uniform series continuing for a specified number of periods, starting

at the end of the first period and continuing through the last period.

The use of cash-flow (time) diagrams or tables is strongly recommended for

situations in which the analyst needs to clarify or visualize what is involved

when flows of money occur at various times. In addition, viewpoint (remember

Principle 3?) is an essential feature of cash-flow diagrams.

The difference between total cash inflows (receipts) and cash outflows (expen-

ditures) for a specified period of time (e.g., one year) is the net cash flow for the

period. As discussed in Chapters 2 and 3, cash flows are important in engineering

economy because they form the basis for evaluating alternatives. Indeed, the

usefulness of a cash-flow diagram for economic analysis problems is analogous

to that of the free-body diagram for mechanics problems.

Figure 4-2 shows a cash-flow diagram for Plan 3 of Table 4-1, and Figure 4-3

depicts the net cash flows of Plan 2. These two figures also illustrate the definition

of the preceding symbols and their placement on a cash-flow diagram. Notice that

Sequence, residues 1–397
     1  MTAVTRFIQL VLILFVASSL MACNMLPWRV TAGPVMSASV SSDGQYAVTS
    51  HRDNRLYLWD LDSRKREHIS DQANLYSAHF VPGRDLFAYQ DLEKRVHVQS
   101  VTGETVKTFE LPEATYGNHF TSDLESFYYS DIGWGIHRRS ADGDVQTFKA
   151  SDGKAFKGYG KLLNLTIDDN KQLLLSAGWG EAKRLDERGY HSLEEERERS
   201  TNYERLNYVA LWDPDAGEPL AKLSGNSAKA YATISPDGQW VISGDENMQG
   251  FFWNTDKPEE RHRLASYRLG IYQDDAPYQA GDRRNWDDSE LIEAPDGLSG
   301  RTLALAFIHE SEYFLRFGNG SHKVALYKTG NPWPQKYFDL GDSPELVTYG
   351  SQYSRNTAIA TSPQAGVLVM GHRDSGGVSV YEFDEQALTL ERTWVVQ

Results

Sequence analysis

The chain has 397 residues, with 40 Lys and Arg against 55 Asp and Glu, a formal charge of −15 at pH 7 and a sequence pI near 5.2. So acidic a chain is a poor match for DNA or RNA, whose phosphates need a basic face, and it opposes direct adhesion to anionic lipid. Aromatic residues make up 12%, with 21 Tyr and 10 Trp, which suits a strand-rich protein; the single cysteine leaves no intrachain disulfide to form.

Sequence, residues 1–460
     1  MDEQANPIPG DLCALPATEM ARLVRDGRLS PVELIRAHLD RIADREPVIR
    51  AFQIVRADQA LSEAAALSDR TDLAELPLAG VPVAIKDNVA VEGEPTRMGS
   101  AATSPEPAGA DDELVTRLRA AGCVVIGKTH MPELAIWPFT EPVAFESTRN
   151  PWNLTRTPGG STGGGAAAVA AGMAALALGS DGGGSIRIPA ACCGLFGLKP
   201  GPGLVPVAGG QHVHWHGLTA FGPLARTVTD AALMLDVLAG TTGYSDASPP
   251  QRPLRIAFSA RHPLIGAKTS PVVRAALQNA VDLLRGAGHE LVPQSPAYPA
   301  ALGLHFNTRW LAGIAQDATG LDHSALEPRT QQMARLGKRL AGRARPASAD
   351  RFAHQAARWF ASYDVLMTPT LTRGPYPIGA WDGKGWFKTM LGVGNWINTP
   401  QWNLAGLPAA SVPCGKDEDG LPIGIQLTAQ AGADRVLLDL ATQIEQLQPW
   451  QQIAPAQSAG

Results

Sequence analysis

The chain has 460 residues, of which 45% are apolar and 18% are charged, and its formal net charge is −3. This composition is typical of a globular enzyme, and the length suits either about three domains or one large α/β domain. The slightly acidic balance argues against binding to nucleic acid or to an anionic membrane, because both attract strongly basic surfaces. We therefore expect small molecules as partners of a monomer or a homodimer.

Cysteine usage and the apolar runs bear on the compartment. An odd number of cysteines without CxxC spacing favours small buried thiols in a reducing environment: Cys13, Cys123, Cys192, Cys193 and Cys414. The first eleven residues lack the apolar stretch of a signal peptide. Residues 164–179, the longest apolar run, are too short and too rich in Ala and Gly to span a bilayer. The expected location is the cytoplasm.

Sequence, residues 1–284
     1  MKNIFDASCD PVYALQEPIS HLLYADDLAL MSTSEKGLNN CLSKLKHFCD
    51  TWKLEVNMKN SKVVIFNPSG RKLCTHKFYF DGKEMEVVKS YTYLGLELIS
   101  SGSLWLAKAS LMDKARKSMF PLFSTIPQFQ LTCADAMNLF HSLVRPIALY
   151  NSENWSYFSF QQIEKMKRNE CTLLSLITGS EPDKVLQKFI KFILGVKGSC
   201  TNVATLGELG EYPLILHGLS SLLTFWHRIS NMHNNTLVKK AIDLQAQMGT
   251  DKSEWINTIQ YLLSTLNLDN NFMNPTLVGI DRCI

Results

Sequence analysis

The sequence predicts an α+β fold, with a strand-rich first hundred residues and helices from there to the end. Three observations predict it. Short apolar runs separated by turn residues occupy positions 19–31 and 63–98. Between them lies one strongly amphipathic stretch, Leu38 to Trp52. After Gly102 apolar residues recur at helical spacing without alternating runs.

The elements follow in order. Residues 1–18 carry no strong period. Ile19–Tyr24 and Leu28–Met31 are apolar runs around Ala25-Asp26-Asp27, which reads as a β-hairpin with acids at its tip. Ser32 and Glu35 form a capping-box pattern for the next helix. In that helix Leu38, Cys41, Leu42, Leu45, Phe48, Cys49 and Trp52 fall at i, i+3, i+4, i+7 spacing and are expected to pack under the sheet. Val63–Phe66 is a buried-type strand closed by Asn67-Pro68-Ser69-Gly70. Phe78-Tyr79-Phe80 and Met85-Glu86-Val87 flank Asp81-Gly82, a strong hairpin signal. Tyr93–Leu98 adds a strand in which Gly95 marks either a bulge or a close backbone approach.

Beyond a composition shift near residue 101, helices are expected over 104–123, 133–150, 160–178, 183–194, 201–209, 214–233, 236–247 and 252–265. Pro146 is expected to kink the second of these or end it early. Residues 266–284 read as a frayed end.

all cash flows have been placed at the end of the month to correspond with the

convention used in Table 4-1. In addition, a viewpoint has been specified.

The cash-flow diagram employs several conventions:

1. The horizontal line is a time scale, with progression of time moving from left to

right. The period (e.g., year, quarter, month) labels can be applied to intervals of

time rather than to points on the time scale. Note, for example, that the end of

Period 2 is coincident with the beginning of Period 3. When the end-of-period

cash-flow convention is used, period numbers are placed at the end of each time

interval, as illustrated in Figures 4-2 and 4-3.

Diagram for Plan 3 of Month 1 Month 1

Table 4-1 (Credit Card

Companys Viewpoint)

0 1 2 3 4!N

End of Month i ! 1% per Month

P ! $17,000

114 CHAPTER 4 / THE TIME VALUE OF MONEY

Diagram for Plan 2 of Table

4-1 (Lenders Viewpoint) 0

1 2 3 4!N

End of Month i ! 1% per Month

P ! $17,000

2. The arrows signify cash flows and are placed at the end of the period. If a

distinction needs to be made, downward arrows represent expenses (negative

cash flows or cash outflows) and upward arrows represent receipts (positive

cash flows or cash inflows).

3. The cash-flow diagram is dependent on the point of view. For example, the

situations shown in Figures 4-2 and 4-3 were based on cash flow as seen by

the lender (the credit card company). If the directions of all arrows had been

reversed, the problem would have been diagrammed from the borrowers

viewpoint.

Before evaluating the economic merits of a proposed investment, the XYZ

Corporation insists that its engineers develop a cash-flow diagram of the

proposal. An investment of $10,000 can be made that will produce uniform